Essay

Redeeming Empress Gi11 min read

The Korean woman who once ruled China – Joan MacDonald

 

In the year 1331, the 16-year-old girl who would one day become Empress Gi arrived in the Yuan capital of Khanbaliq (present-day Beijing) among hundreds of young men and women sent as human tributes from Korea. She was offered to the royal court along with flocks of hunting falcons, quantities of ginseng, hanji paper, and baskets of silver and gold ingots.

It’s hard to imagine that she was happy to leave her homeland for an uncertain future, but the well-educated, resilient Lady Gi was determined to survive. She eventually became the first  Korean empress of the Yuan Dynasty and effectively came to rule the 60 million inhabitants of Mongol-controlled China in that dynasty’s waning years.

Yet many of Gi’s accomplishments were ignored because her history was written by those who defeated her. She was labelled a traitor in Korea and demeaned as a corrupting influence by Ming Dynasty historians. When her life was dramatized in the Korean television series Empress Ki, viewers criticized the portrayal as too sympathetic. Historians who came to her defense suggested that her alleged treason might more accurately be viewed as the fulfillment of filial duty. It’s time to rethink the role history assigned her.

“While Mongol society was patriarchal and patrilineal, women could and did exercise authority”

“For both countries, each of the official history compilations of a dynastic reign, based on notes taken by historians at the time, came at the beginning of the next dynasty,” says Kyung Moon Hwang, author of A History of Korea and a professor of history and East Asian languages and cultures at the University of Southern California. “Meaning that foremost among concerns was to legitimatize the new dynasty, which usually came to power by overthrowing the previous one. Hence the early-Ming official history of the Yuan in China and the early-Joseon official history of the Goryo in Korea were invariably going to portray Empress Gi (in China) and her family members (in Korea) in a very negative light.”

Although Empress Gi was called Öljei Khutuk by the Mongols, her first name was not recorded at birth. History suggests that she was born around 1315 to Gi Jao, a member of Korea’s yangban class, which was mainly composed of civil servants and military officers.

During the Yuan domination of Korea from 1270 to 1356, Korea was referred to as a “son-in-law state,” reflecting the practice of marrying Mongol princesses into the Korean royal family. In less than a century, seven princesses were sent to Korea, then called Goryeo, and three children born of such unions became kings.

Gi was one of many Korean women sent in tribute to the Yuan court to serve as maids and concubines. Some sources suggest Lady Gi met Emperor Toghon Temür while serving tea as a palace maid. Others describe her as a concubine, dispatched to further her family’s power in the Yuan court.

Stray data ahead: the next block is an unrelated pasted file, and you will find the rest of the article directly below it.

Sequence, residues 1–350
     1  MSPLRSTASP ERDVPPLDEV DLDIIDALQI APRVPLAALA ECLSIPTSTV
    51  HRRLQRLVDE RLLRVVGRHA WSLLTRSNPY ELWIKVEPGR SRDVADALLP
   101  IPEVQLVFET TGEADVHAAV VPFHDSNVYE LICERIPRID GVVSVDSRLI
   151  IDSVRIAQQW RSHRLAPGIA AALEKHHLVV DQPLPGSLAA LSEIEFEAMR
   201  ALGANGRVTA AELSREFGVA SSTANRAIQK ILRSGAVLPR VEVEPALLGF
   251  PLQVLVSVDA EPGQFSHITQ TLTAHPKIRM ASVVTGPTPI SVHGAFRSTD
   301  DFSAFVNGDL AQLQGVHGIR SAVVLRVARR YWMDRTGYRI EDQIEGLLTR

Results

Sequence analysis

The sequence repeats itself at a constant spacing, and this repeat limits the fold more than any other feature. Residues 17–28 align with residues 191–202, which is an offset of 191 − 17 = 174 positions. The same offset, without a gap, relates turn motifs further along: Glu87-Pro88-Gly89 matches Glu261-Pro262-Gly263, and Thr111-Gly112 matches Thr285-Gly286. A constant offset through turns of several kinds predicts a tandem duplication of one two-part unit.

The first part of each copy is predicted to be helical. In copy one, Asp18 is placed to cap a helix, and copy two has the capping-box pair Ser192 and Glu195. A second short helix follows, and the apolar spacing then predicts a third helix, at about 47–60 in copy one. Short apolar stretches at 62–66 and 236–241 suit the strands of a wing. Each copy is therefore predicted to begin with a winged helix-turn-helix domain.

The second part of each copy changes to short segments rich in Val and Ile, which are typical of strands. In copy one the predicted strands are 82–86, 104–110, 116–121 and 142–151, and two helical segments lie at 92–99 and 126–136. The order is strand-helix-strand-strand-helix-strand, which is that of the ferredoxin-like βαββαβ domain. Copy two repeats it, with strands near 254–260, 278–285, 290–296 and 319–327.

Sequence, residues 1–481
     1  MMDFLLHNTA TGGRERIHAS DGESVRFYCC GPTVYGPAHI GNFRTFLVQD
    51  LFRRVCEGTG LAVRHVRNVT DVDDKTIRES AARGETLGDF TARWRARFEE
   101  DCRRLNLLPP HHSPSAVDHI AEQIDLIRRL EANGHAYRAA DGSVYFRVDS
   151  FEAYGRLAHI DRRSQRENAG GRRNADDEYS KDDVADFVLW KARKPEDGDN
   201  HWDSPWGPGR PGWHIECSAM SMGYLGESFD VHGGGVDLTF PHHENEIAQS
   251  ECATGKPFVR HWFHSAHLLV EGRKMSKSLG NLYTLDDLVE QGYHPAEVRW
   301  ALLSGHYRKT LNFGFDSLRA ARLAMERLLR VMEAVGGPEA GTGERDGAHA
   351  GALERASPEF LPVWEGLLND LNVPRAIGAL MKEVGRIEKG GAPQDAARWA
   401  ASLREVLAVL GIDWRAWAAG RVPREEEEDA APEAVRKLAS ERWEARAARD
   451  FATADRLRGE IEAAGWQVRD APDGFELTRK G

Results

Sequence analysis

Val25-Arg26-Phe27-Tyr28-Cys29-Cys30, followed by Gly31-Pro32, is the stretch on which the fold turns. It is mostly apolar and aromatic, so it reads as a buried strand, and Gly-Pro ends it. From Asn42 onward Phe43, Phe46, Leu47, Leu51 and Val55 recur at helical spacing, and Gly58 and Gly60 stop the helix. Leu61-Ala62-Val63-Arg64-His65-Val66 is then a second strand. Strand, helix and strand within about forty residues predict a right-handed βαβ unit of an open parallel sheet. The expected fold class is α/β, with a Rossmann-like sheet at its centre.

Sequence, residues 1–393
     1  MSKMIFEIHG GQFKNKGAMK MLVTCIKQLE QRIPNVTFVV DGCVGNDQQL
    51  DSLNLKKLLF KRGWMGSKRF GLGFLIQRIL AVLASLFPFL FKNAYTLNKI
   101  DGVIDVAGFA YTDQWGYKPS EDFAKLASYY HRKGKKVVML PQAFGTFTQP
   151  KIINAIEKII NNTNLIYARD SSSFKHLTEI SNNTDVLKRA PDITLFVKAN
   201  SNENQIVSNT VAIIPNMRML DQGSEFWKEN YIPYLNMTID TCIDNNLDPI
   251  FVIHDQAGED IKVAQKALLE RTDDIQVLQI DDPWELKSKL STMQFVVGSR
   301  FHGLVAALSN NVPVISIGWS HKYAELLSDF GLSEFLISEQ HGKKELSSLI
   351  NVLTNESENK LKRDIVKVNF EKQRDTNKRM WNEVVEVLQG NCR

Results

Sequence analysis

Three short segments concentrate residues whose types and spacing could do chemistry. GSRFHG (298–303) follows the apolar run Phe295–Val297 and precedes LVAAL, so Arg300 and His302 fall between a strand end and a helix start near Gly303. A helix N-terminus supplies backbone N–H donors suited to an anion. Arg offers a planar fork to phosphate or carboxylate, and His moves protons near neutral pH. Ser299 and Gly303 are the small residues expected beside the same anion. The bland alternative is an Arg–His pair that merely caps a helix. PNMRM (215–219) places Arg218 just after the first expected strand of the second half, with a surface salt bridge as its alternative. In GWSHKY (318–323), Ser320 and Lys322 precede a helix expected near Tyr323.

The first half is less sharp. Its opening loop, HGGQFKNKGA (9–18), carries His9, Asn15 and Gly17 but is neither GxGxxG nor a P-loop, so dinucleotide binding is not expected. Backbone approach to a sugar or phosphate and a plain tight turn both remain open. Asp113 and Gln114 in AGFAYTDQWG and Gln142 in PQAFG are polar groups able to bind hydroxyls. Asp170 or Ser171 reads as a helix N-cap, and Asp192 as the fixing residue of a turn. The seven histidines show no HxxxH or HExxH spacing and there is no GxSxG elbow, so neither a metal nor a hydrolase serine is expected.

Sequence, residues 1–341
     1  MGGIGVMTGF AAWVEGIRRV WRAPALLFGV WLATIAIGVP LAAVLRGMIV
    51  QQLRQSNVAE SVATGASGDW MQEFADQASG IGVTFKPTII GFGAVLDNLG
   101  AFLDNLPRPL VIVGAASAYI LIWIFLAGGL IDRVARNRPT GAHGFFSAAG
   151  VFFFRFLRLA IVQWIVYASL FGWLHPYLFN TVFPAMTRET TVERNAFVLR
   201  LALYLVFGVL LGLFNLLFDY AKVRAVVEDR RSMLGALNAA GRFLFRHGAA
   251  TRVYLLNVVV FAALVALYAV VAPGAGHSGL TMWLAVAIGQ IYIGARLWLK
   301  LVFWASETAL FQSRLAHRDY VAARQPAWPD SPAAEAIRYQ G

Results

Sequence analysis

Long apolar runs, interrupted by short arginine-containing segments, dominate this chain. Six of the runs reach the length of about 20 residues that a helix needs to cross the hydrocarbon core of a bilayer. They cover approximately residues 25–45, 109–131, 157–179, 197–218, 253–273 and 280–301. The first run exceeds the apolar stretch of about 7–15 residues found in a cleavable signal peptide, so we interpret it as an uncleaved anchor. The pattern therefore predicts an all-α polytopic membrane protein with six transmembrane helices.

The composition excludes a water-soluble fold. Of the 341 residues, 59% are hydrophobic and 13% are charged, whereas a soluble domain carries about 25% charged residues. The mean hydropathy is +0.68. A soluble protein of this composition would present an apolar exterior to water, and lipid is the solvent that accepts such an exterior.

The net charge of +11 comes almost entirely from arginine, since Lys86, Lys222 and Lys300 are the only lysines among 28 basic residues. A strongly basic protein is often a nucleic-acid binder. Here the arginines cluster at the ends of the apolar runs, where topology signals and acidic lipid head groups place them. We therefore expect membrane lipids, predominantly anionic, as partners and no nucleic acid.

“These women maintained ties to family members in Korea, whose interests they were expected to protect,” says David M. Robinson, author of Empire’s Twilight: Northeast Asia Under the Mongols and professor in Asian Studies and History at Colgate University. “The advantages of service to the Yuan was usually the prime reason families decided to send daughters to the Yuan capital or form marriage alliances with Yuan elites.”

Lady Gi’s talents, intelligence and beauty soon attracted the attention of the teenage Toghon Temür, who had previously been exiled to a Korean island. Ki was accomplished in singing, dancing and calligraphy, and fluent in Chinese. The young emperor and Lady Gi may also have shared a sense of isolation. She was far from home and he trusted few people in his contentious court. The romantic bond they formed would last for the rest of the emperor’s life.

Toghon Temür, also known as Emperor Huizong, was already allied in a political marriage to Empress Tanashiri, the daughter of his prime minister El Temur. The marriage was arranged to consolidate power in an heir, but Tanashiri’s only son died in infancy. When news of the emperor’s fondness for Lady Gi reached Tanashiri, the empress reportedly had her rival beaten.

Fortunately for Gi, Tanashiri’s reign did not last. The empress was forced to drink poison in 1335 after a failed rebellion instigated by her family. Toghon Temür then tried to elevate Lady Gi to primary empress, but was once again pressured to make a political marriage, this time with  Bayan Khutuk. In 1340, a year after Gi gave birth to a son, Ayushiridara, she was named a secondary empress.

Although Gi would have to wait until 1365, when Bayan Khutuk died, to officially become primary empress, her power continued to grow as her husband increasingly delegated his authority to her. While Mongol society was patriarchal and patrilineal, women could and did exercise authority.

“Observers from Western Europe, Persia, and China were all struck – often negatively – by the prominent place of women in Mongolian political culture,” says Robinson. “They sat with their men to receive foreign envoys. They held their own investment portfolios in land, rent and commercial ventures. A few exercised supreme political control in interregnum periods or when the heir to the throne was too young to rule.”

A Mongol woman could assume leadership of her family, and according to The Secret History of the Mongols, more than a few women ruled the Mongol Empire through such family connections. “Imperial women played greater roles in palace and state politics in the Yuan than in the Ming, which restricted the role of women in politics,” says Keith McMahon, author of Celestial Women: Imperial Wives and Concubines in China from Song to Qing and professor of East Asian Languages and Cultures at the University of Kansas. “This is in part due to the fact that the Yuan was a Mongol regime and that Turco-Mongolian women played greater roles in political and military affairs than Han women. It was also due to the fact that the Yuan had a series of poorly performing male rulers, which allowed senior women to step in and assume important roles.”

According to Ming histories, Toghon Temür eventually traded his interests in astronomy, astrology and mechanical objects for wine, women and tantric rituals. Gi, on the other hand, took her role very seriously, learning from past empresses.